Compliance Risks: What You Don’t Contain Can Hurt You

As global regulations proliferate and stakeholder expectations increase, organizations are exposed to a greater degree of compliance risk than ever before. Specifically, compliance risk is the threat posed to a company’s financial, organizational, or reputational standing resulting from violations of laws, regulations, codes of conduct, or standards of practice.

To understand their risk exposure, many organizations may need to improve their risk assessment process to fully incorporate compliance risk exposure.

Because the array of potential compliance risks facing an organization is typically very complex, any robust assessment should employ both a framework and methodology

The case for conducting robust compliance risk assessments can be made given today’s business complexity. It is also deeply rooted in the US Federal Sentencing Guidelines for Organizations, which establish the potential for credit or reduced fines and penalties should an organization be found guilty of a compliance failure.

Nevertheless, according to a survey conducted jointly by Deloitte & Touche LLP and US publication Compliance Week, 40% of companies do not perform an annual compliance risk assessment.

In this article, we’ll discuss how CFOs can work with their Chief Compliance Officers to understand the full spectrum of compliance risks lurking in each part of the organization.

In addition, we will discuss ways to assess which risks have the greatest potential for legal, financial, operational, or reputational damage, and considerations for allocating limited resources to mitigate those risks.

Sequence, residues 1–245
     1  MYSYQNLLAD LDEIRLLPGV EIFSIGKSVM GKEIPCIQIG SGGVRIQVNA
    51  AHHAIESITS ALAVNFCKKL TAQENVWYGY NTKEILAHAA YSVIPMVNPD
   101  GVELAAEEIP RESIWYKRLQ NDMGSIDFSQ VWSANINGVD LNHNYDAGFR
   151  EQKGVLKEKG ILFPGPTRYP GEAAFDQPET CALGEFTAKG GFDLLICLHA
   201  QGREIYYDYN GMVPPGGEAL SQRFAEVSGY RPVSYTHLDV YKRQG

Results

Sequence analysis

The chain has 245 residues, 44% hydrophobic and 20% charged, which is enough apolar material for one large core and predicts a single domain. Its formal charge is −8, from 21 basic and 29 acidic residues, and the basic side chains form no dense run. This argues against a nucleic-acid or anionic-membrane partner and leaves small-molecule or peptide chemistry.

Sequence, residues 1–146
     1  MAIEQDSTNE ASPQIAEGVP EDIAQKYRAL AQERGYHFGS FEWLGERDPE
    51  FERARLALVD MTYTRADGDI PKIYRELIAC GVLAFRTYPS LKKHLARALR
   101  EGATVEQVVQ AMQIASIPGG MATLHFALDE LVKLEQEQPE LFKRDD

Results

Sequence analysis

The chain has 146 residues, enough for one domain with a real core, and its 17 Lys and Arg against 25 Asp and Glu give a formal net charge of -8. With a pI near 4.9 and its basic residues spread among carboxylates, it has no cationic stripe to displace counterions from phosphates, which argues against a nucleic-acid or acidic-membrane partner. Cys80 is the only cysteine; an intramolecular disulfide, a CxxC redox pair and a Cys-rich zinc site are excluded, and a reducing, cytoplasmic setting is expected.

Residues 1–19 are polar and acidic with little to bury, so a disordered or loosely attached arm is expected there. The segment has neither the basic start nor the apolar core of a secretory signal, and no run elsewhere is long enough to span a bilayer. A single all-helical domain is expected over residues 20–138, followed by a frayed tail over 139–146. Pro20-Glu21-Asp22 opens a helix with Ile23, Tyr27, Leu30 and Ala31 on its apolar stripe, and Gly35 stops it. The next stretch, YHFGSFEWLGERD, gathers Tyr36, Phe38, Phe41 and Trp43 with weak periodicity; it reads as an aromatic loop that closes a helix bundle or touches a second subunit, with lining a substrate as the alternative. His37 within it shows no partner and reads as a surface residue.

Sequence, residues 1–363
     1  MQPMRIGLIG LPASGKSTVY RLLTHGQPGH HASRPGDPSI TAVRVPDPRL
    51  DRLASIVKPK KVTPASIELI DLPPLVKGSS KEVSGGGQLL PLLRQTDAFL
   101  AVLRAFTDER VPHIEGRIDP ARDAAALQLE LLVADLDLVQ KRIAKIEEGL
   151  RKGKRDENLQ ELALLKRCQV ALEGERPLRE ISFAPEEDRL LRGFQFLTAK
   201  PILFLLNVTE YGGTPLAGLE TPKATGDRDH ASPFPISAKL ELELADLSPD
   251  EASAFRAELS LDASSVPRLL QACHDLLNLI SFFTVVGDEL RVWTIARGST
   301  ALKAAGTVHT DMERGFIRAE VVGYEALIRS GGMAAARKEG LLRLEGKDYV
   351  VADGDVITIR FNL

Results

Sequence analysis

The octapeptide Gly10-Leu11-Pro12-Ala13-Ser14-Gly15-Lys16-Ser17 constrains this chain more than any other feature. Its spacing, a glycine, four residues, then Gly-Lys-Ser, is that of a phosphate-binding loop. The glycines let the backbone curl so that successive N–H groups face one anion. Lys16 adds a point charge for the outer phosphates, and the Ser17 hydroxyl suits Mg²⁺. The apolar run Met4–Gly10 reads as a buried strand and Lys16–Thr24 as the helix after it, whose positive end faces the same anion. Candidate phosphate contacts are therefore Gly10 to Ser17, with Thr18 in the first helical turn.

How do compliance risk assessments differ?

Organizations conduct assessments to identify different types of organizational risk. For example, they may conduct enterprise risk assessments (typically owned by the CFO or the Chief Risk Officer) to identify the strategic, operational, financial, and compliance risks to which the organization is exposed.

In most cases, the enterprise risk assessment process is focused on the identification of “bet the company” risks—those that could impact the organization’s ability to achieve its strategic objectives. Many organizations also conduct internal audit risk assessments that likely consider financial statement risks and other operational and compliance risks.

While both of these kinds of risk assessments are typically intended to identify significant compliance-related risks, neither is designed to specifically identify legal or regulatory compliance risks (see comparison below).

Interrelationship among enterprise risk management, internal audit and compliance risk assessments

Therefore, while compliance risk assessments should certainly be linked with the enterprise or internal audit risk processes, they generally require a more focused approach.

That is not to say that they cannot be completed concurrently, or that they ought to be siloed efforts—most organizations may be able to combine the activities that support various risk assessments, perhaps following an initial compliance risk identification and assessment process.

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